Effects of diminishing oil prices on GDP

Crude oil is one of the vital resources available to man. Its vitality is a result of its extensive number of applications. It also implies that it has a major connection to the gross domestic product of any economy that relies on its sale. Therefore, it comes as no surprise that a drop in its price might be able to cause extensive damage to the GDP of said nation. However, this is not always the case. A reduction in oil prices will effectively cause a drop in the cost of transportation and fuel for firms. The lower prices do not benefit firms alone, they also benefit the individual unit consumers of the by-products of oil. In essence, it implies an increase in their spendable income; giving them the opportunity to spend money on other needs. These effects are however felt on a global scale because oil is one of the most traded resources. As such, it can take a toll on the economy by launching them into a constantly growing rate of inflation.

The specific cause of oil prices dropping is not streamlined to one concept, it can fit for quite a number of reasons. This is why a drop in these prices is mostly considered devastating when the fall in price is major. Just as there are times of dip, there are also times of large profits; especially for oil traders on oilprofit.io. In general, oil-importing countries stand to benefit from these price drops. However, smaller economies that are dependent on this naturally occurring compound can be crippled due to the drop in export revenue.

The year 2020 was filled with several catastrophic events, such as the Coronavirus and its variants. However, there were other smaller unfortunate events. Between March and April 2020, the world experienced one of the most major drops in the price of oil in many years. This was not only a disaster for the final consumers and oil-exporting developing countries alone, but it also affected several oil trading investors. During this period, the price of oil fell to the point of reaching negative for WTI. As was mentioned earlier, this level of reduction had not occurred in the last decade, making it a huge hit for the world of oil trading. The strange thing about this price drop is that even the importing economies felt its damage. This is because the outbreak of the Coronavirus already put the economy in a tight spot. With traveling being outright impossible or extremely strenuous, and people being out of work because of the virus, cheap fuel was not a major compensation.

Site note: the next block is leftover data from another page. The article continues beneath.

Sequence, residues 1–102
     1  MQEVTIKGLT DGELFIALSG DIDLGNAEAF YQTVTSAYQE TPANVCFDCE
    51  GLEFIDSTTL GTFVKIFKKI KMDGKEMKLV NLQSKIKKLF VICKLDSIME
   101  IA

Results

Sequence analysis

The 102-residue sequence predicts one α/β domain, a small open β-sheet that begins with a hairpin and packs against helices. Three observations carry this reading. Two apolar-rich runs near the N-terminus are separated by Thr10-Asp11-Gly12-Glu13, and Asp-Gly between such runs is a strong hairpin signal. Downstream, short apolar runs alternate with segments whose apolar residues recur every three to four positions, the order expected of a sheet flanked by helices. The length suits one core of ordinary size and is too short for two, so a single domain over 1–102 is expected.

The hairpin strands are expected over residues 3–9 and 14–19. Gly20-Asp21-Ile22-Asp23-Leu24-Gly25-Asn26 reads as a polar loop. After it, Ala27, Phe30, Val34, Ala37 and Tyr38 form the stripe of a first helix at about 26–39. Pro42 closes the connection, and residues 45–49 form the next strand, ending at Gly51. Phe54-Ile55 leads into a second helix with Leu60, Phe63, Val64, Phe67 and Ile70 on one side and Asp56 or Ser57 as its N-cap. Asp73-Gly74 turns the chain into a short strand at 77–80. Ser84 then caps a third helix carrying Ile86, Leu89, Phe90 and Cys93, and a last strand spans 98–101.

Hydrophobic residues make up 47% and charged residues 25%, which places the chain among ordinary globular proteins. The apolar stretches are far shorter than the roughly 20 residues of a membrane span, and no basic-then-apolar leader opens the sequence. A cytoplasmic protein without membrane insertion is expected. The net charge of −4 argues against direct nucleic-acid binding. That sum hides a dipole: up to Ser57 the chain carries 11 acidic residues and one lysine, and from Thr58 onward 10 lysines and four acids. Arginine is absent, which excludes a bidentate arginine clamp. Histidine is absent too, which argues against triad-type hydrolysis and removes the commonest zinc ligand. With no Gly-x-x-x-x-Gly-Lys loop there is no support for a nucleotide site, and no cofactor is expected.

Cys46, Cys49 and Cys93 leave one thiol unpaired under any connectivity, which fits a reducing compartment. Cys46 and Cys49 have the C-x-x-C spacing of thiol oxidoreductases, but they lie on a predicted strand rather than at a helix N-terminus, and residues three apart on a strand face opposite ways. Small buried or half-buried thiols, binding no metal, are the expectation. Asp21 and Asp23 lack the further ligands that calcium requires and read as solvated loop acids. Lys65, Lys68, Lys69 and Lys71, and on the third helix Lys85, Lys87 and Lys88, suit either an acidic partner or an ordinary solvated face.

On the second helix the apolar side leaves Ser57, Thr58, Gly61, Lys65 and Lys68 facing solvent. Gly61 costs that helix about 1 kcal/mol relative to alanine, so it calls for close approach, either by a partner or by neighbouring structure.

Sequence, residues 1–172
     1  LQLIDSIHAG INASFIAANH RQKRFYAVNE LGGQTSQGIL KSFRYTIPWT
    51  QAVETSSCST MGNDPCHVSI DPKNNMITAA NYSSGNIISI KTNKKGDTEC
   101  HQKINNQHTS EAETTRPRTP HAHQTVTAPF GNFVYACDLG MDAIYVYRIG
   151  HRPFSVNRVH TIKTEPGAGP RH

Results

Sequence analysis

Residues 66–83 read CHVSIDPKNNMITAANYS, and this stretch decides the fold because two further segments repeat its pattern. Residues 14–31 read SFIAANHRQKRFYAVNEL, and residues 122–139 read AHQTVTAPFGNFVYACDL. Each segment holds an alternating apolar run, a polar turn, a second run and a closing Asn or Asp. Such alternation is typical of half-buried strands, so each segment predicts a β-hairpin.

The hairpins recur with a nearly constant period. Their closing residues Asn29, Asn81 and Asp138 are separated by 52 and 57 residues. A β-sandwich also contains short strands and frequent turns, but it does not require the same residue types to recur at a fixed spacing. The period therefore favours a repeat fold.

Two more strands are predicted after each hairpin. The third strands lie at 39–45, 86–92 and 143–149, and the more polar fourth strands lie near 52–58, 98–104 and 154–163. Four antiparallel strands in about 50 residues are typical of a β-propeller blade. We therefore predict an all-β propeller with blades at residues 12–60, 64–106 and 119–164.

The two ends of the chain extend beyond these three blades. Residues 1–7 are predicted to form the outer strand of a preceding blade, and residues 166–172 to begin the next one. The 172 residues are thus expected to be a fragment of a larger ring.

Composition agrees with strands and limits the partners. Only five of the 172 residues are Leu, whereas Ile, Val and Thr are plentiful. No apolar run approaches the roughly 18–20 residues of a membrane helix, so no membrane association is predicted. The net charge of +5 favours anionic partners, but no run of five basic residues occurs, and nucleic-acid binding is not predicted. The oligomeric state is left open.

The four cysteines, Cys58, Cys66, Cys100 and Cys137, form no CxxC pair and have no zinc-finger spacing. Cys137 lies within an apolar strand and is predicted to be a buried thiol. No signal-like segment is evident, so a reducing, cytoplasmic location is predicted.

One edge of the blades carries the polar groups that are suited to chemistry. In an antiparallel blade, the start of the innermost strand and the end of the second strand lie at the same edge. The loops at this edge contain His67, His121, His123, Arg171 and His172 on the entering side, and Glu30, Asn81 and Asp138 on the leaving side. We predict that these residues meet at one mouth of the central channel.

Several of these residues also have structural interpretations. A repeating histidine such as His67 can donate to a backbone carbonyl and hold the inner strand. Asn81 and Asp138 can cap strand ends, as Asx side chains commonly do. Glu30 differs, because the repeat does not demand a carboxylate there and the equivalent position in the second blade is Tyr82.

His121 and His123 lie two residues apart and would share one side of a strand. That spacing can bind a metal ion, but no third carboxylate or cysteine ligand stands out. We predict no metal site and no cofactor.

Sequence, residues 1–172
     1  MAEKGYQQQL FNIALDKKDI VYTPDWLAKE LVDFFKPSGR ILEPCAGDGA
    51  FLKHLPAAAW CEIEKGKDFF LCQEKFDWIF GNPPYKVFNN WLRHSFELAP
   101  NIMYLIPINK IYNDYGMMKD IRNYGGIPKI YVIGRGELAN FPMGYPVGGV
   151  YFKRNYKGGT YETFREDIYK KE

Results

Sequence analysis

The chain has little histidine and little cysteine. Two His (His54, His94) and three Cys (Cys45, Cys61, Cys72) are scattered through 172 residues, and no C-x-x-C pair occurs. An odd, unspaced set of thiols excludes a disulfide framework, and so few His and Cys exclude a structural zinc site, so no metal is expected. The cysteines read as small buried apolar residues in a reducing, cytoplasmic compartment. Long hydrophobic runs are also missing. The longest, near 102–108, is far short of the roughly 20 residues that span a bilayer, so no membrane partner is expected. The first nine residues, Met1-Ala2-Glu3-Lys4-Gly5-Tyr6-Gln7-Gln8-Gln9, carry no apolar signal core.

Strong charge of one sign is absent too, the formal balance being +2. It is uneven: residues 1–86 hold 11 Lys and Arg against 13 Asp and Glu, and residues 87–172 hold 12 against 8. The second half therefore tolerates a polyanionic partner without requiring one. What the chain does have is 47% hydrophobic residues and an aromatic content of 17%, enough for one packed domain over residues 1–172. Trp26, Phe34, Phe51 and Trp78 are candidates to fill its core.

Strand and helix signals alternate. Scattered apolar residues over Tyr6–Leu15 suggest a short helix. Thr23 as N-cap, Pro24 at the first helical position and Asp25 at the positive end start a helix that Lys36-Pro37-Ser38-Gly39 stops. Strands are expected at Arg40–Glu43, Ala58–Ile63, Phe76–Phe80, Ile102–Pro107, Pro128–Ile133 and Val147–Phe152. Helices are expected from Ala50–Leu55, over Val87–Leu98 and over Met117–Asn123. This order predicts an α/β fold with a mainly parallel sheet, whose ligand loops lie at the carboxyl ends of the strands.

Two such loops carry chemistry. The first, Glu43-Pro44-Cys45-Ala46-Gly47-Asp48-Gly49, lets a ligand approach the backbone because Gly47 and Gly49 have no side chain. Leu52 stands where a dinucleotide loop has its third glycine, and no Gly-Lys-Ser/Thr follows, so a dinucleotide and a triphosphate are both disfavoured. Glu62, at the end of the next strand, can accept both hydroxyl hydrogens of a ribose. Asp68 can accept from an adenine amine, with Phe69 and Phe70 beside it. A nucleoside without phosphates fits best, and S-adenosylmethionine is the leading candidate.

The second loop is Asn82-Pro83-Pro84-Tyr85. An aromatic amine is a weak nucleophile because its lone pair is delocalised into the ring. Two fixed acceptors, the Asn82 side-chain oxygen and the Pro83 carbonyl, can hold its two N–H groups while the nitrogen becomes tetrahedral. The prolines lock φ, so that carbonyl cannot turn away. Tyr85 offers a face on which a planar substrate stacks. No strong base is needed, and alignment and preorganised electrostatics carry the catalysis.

Oil usage is not limited to petrol, diesel, and kerosene alone, these are just the most demanded byproducts. Oil is also used in other things that are basic to the economy. Among them are motor oil, floor wax, and even clothes. Therefore, the level at which it affects the individuals in the economy is evident.

It is important to note that these effects were only majorly damaging because of the additional problems accompanied by the global pandemic. In a normal environment, the final consumer may not feel the effects as much. A reduction in fuel prices means that transportation cost is reduced. This would further reduce the general prices of goods and services. The effect of this is a general decrease in the general cost of living and this is major, especially in an economy with a stagnant wage growth rate. It is essentially similar to having a free tax cut. Theoretically, if the prices of oil fell this low under normal circumstances, it could lead to higher purchasing power for other goods and by extension, increase the gross domestic product of an economy. And as for the firms and investors, they would most certainly experience a devastating loss.

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